Rearranging the equation we get: \[c=\frac{17\cdot 2^3}{a^2}+\frac{17 \cdot 3^2 \cdot 5}{b^2}\]
Because the LHS is an integer, the RHS must also be an integer. First, let's address the case in which both fractions in the RHS are integers. Then \(a=1, 2\) and \(b=1, 3\), giving us \(4\) solutions so far.

Now note that when \(a > 11\) and \(b > 27\), the RHS is less than one, and thus cannot be a positive integer. You could easily exhaust all 297 possibilities, although I'm sure there is a better way.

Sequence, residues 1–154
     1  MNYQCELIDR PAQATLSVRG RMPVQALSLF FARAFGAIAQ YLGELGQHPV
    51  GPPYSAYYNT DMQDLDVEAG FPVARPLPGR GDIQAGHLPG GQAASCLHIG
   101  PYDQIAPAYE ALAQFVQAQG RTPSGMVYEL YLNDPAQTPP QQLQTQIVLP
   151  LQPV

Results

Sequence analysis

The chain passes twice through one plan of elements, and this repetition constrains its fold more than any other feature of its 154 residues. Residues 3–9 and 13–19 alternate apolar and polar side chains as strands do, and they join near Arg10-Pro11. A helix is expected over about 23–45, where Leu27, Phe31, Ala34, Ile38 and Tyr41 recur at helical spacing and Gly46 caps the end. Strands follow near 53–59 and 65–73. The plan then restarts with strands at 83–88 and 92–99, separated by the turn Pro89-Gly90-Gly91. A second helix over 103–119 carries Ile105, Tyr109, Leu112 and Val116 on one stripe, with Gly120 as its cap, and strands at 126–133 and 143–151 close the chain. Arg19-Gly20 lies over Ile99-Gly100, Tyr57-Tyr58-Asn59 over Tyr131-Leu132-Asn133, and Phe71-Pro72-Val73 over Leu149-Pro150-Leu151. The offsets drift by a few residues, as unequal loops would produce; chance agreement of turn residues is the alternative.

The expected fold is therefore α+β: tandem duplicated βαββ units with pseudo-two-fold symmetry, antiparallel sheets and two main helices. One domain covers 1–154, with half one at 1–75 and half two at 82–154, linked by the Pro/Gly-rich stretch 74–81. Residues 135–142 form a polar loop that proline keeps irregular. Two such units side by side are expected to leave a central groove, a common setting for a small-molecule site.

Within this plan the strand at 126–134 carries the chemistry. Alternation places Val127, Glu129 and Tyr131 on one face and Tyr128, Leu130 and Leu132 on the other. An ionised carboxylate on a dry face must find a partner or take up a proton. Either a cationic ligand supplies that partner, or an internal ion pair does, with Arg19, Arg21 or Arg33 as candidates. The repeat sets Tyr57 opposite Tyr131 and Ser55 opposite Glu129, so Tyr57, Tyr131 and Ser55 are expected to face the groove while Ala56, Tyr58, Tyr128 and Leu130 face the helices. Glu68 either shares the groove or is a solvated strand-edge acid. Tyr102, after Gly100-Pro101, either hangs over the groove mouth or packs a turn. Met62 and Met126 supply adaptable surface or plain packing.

–
Bob Krueger
·
3 years, 2 months ago

## Comments

Sort by:

TopNewestRearranging the equation we get: \[c=\frac{17\cdot 2^3}{a^2}+\frac{17 \cdot 3^2 \cdot 5}{b^2}\] Because the LHS is an integer, the RHS must also be an integer. First, let's address the case in which both fractions in the RHS are integers. Then \(a=1, 2\) and \(b=1, 3\), giving us \(4\) solutions so far.

Now note that when \(a > 11\) and \(b > 27\), the RHS is less than one, and thus cannot be a positive integer. You could easily exhaust all 297 possibilities, although I'm sure there is a better way. – Bob Krueger · 3 years, 2 months ago

Log in to reply